Married to Laura, daughter of Marx, Lafargue (1845-1911) was an important promoter of his father-in-law's ideas and also a strong socialist militant, having founded the pioneer Partido Operário.

Tale Zero and Other Stories

Sérgio Sant'Anna, Companhia das Letras, 174 pages

Every new book of short stories by Sérgio Sant'Anna is something to celebrate, and here he doesn't disappoint. A more personal work, it combines memory and fiction to deal with love, loneliness, the craft of writing and also unique moments, such as the first cigarette or the artistic residency in the USA.


 “It wouldn't really be a story, it would spend days and more days running around in your head, you wouldn't write a single sentence, a single word, because it would commit you to a follow-up, an ending, and what you wanted was loose prose, that did not need to be written and completed.”


 One of the greats of contemporary Brazilian literature, he has received the Jabuti award and other awards four times, and has had texts adapted for cinema.

the fakers

Graham Greene, Translation by Ana Maria Capovilla, Blue Library, 360 pages

The tenth novel by the British author, tells, in a combination of real facts and fiction, the encounter of conflicting characters in the Haiti of the tyrant Papa Doc. The narrator owns a run-down hotel. Beautiful women, crooks, idealists and bloody tonton macoutes complete the cast.


“I had slit my wrists and then my throat, just to be sure. (…) He must not have been dead more than a few minutes. My first thoughts were selfish: I couldn't be blamed for a man killing himself in my swimming pool."


 Greene (1904-1991) divided his novels between “serious” and “entertaining”. the fakers, as The Quiet American (released by the same publisher), is in the first case.

Censors in Action

Robert Darnton, Translation by Rubens Figueiredo, Companhia das Letras, 376 pages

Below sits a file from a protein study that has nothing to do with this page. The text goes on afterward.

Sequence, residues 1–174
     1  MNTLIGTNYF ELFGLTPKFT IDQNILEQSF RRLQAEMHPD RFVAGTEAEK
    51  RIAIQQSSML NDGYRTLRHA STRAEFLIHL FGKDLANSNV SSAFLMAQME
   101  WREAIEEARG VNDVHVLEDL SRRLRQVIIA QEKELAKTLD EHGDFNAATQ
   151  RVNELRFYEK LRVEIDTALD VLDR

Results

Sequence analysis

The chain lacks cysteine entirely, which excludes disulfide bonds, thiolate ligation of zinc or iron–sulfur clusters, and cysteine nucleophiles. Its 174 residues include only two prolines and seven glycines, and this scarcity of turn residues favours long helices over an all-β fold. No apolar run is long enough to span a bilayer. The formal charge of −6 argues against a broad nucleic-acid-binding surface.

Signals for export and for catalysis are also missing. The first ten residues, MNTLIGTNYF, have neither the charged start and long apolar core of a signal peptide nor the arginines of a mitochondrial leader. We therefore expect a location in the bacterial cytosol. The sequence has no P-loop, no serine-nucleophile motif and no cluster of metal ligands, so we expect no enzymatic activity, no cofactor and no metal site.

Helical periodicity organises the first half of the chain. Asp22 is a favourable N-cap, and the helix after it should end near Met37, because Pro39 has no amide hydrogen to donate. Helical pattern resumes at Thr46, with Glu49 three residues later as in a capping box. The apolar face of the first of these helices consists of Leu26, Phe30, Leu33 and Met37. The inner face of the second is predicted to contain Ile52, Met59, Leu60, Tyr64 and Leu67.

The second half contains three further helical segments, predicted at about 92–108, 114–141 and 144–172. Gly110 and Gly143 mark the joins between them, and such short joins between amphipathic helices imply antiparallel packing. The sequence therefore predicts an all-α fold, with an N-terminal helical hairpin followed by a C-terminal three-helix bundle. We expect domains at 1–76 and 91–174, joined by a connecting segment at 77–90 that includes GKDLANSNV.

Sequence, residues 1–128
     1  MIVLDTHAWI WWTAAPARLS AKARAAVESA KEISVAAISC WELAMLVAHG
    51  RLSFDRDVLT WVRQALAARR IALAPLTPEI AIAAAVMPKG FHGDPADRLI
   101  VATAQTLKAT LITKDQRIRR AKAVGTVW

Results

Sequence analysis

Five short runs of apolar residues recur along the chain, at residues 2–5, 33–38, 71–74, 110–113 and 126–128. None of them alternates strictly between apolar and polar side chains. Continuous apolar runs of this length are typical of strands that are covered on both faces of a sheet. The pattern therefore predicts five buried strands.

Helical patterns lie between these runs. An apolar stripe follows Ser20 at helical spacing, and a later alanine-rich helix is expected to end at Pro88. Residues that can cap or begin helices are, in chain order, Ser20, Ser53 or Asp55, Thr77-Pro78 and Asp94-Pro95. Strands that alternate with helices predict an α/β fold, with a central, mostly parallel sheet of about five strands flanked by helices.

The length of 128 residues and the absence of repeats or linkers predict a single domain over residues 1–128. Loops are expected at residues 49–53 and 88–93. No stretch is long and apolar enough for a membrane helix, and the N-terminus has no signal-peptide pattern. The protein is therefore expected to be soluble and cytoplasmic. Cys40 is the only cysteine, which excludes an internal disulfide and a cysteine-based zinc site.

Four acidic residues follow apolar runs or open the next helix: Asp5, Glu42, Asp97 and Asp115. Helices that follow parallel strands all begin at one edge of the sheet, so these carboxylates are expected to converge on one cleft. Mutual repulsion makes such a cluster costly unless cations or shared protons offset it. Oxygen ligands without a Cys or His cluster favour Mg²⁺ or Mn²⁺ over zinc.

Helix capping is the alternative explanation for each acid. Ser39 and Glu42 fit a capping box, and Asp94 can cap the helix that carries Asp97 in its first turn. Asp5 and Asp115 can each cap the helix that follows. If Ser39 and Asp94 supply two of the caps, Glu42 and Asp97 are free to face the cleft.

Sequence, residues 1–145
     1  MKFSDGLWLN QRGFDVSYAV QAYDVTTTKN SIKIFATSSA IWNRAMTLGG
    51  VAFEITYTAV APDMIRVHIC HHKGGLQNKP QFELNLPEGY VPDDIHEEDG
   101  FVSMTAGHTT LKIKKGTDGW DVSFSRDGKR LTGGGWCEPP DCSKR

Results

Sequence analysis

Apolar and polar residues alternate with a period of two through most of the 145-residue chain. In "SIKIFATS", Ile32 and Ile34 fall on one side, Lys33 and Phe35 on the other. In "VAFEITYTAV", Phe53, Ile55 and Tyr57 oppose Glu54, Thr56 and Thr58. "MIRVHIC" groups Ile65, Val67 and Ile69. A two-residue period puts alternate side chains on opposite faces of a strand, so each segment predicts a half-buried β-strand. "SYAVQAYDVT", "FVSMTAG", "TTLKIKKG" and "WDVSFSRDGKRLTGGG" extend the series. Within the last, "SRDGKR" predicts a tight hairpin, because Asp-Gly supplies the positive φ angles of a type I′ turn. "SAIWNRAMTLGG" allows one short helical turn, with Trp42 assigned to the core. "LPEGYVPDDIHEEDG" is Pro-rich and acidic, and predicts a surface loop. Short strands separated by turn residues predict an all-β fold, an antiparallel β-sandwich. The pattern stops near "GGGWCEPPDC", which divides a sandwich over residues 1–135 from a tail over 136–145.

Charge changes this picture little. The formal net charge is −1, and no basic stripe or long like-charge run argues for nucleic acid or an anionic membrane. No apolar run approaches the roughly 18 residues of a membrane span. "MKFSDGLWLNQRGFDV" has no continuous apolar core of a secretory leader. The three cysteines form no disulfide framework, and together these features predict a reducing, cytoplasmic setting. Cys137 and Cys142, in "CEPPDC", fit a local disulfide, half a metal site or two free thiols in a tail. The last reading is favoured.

Study on censorship, divided into three cases: Bourbon France, India during the English occupation and communist East Germany. In common, the erudition of the censors and the state's control over intellectual production and literary expression in particular.


“It took me some time to form a clear picture of the organization of the bureaucracy (…) East German fiction was door number 215, forty door ahead, 
walking along a seemingly endless mustard corridor as it curved around a courtyard.”


 Professor and director of the library at Harvard, Darnton is the author of The Great Massacre of the catsLamourette's Kiss and, among others, The Devil in the Holy Water.

Talking with Blue Throat

Edward Lear, Translation by Dirce Waltrick do Amarante, Illuminations, 128 pages

Four children travel around the world on a boat with a kitten, the strange trickery and a huge kettle, which serves as a kitchen and bedroom. Absurd recipes, unimaginable plants, an Indian poem and a series of limericks complete this not-so-scrupulously book.


“During the day, Violeta was mainly busy putting salt water in a can; while her three brothers shook her violently, hoping that 
it turned into butter, which it rarely, if ever, did.”

AUTHOR A precursor of Lewis Carroll in nonsense literature, Lear (1812-1888) began as a draftsman and painter. He traveled extensively for respiratory ailments and produced several books of short poems and travels.